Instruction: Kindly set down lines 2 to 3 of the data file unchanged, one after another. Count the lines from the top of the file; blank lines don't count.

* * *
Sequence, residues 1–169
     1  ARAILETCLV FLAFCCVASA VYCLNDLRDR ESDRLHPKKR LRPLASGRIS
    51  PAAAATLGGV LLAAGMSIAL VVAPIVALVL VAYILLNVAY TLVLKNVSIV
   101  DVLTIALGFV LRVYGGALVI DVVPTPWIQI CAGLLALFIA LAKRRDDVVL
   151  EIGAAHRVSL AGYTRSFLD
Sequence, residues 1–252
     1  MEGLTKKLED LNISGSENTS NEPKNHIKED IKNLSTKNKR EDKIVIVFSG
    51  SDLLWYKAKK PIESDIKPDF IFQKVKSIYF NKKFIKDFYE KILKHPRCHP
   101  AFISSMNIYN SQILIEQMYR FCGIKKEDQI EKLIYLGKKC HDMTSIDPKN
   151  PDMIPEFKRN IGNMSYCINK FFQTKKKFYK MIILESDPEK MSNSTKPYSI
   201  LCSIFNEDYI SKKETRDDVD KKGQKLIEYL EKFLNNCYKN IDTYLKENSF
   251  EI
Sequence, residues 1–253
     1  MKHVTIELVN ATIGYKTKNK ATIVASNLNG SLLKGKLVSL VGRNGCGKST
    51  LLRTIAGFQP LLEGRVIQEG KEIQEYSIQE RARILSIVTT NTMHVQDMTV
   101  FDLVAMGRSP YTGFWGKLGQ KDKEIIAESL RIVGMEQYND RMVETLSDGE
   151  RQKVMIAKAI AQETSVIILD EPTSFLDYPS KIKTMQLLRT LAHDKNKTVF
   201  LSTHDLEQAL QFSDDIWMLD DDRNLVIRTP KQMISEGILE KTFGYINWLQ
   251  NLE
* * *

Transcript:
     1  ARAILETCLV FLAFCCVASA VYCLNDLRDR ESDRLHPKKR LRPLASGRIS
    51  PAAAATLGGV LLAAGMSIAL VVAPIVALVL VAYILLNVAY TLVLKNVSIV